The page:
Everyone was slowly processed and issued with very exciting audition number stickers, then escorted to the holding room. Once everyone was in we were told that there would be two rounds of auditions in one day: everyone would have a first audition with some producers of the programme and would be told instantly if they were through or not; those who were not successful could go home straight away. If you were put through the first round then you performed again in front of the executive producers and filmed, and wouldn’t know the outcome until the televised auditions were due to take place.
Next we were all ushered outside and asked to walk up the steps approaching the venue as one large crowd. Then we had microphones attached inside our catsuits, were positioned within a collection of people and asked to talk about how we were feeling, the judges, the best possible outcome, what could go wrong, and to act as if we were about to go on stage in front of the judges.
After five hours of waiting – we were told they left us in the holding room for so long because our bright colours made the shot look good – and having witnessed anger, tears and frustration from returning nominees, we were finally escorted down several corridors to the audition room. It would be fair to say that this last group to audition was a collection of oddballs and I was now starting to feel a bit sick. I didn’t really want to get through the audition as it would mean having to do the act twice, but somewhere my pride was getting involved and not wanting to have come all that way and just be told we were no good (which we already knew). More importantly, we had come to prove a point and wanted to be right – that this was not about talent, it was about entertainment, and we could definitely provide that.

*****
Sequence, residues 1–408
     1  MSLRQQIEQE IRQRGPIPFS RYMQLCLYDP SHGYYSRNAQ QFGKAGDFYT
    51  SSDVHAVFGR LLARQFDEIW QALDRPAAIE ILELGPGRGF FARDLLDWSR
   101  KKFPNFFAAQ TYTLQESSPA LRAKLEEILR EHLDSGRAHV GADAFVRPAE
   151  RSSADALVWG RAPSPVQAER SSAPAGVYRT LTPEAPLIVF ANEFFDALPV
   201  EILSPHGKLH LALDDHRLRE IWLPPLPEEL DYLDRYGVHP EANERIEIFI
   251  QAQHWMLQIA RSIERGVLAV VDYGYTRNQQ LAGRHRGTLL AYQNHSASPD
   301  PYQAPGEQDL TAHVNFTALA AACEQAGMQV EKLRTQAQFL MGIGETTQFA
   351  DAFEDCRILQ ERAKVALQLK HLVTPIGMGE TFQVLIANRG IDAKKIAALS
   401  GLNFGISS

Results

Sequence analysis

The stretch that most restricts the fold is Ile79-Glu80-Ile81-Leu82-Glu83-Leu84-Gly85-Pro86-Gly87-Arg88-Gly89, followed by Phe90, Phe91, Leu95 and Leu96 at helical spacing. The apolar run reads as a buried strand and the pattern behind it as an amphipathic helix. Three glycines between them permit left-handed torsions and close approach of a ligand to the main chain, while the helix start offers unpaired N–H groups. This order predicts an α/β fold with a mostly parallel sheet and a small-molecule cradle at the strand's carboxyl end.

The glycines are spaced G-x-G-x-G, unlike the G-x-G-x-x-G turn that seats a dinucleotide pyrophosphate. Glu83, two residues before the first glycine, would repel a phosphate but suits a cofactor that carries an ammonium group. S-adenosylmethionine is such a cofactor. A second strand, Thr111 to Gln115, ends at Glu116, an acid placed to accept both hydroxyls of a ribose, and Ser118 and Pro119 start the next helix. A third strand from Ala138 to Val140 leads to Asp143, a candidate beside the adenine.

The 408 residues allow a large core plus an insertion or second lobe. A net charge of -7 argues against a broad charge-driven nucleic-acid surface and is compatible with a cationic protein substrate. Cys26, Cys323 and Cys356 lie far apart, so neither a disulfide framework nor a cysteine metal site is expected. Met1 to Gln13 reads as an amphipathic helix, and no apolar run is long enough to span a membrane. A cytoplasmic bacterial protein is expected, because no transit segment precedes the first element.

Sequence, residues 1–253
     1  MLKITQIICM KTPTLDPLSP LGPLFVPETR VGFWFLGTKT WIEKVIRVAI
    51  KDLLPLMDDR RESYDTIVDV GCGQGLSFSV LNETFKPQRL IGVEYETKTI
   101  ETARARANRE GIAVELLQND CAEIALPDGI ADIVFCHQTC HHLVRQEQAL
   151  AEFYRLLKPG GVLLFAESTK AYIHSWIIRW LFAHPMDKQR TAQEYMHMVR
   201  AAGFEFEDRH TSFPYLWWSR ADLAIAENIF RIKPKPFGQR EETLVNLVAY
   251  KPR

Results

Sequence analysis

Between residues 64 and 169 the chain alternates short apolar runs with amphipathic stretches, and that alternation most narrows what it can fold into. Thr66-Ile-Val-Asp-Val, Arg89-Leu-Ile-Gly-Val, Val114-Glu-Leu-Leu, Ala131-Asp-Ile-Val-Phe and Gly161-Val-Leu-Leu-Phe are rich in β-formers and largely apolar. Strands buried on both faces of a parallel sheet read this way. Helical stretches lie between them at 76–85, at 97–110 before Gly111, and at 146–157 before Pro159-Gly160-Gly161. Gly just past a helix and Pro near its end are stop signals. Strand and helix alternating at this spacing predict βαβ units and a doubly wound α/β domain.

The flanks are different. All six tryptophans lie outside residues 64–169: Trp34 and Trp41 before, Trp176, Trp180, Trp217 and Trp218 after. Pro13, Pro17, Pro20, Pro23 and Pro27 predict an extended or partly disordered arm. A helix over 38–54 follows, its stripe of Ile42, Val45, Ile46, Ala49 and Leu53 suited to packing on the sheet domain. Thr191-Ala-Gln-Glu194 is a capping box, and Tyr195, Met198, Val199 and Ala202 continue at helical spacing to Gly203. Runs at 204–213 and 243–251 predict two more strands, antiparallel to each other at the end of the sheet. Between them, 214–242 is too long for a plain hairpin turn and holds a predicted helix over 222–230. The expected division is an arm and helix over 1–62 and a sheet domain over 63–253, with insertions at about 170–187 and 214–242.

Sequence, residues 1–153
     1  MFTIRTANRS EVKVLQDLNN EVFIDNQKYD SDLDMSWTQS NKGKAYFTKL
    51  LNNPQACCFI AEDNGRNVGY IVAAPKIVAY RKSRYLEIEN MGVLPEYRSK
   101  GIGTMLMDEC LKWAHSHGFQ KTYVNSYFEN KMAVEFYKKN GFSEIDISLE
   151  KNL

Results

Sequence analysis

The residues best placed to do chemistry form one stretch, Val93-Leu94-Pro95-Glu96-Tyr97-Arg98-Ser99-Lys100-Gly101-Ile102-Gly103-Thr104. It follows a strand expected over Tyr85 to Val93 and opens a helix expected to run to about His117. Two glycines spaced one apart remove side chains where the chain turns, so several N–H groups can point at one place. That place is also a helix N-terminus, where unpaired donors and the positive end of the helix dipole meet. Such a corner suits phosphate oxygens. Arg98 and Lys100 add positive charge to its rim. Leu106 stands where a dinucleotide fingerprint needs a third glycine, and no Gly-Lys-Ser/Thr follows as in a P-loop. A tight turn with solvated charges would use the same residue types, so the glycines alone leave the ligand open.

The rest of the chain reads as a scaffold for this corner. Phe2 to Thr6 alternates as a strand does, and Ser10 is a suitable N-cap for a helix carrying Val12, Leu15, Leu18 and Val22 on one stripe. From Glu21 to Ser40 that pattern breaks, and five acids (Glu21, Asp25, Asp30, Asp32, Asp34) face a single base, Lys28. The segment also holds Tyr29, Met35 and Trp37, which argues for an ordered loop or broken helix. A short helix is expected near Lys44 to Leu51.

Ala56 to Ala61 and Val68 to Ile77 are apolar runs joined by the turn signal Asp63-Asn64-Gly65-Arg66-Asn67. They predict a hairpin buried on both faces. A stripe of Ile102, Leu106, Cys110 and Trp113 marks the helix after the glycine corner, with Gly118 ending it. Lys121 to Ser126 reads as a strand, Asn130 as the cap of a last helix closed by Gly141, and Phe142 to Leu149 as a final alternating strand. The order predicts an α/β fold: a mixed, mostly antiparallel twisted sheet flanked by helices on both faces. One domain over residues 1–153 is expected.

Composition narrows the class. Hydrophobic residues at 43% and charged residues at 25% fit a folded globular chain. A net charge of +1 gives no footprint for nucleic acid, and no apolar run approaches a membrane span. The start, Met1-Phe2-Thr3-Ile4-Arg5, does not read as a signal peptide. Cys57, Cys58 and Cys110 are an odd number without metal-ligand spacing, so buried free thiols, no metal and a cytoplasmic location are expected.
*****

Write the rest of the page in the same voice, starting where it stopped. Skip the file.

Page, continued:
We entered the room and found ourselves facing two tired and fed-up looking men. Our audition went very quickly and not really the way we had rehearsed it, but we fed them enthusiasm and personality by the bucketload, and after some consultation they passed us a ticket and said “You’re through”.
Before we could process this in any way we were immediately ushered off to the other end of the stadium by one of the runners (who, like all the crew we met, was lovely). In a bar area we were then photographed and issued with an eight-sided A4 questionnaire to complete in which we had to tell them about our ambitions, our performing history, which celebrities had “inspired us” and what “traumas” we had overcome, presumably in order to prepare some sob stories for successful auditionees.
It was emphasised to us again that our second performance would be filmed to allow for shortlisting at a later date, and that we wouldn’t know today whether we were through to the next stage. If we hadn’t heard anything by February, they told us, we had been unsuccessful.
Nine hours after arriving at the Emirates Stadium we were reunited with our supporters and free to journey back home. We reflected that it had indeed been an interesting experience, if only to find out more about what really happens in the lead-up to the televised show. We had both enjoyed the day, but I for one was relieved it was over.
Part two of this article will appear here next week.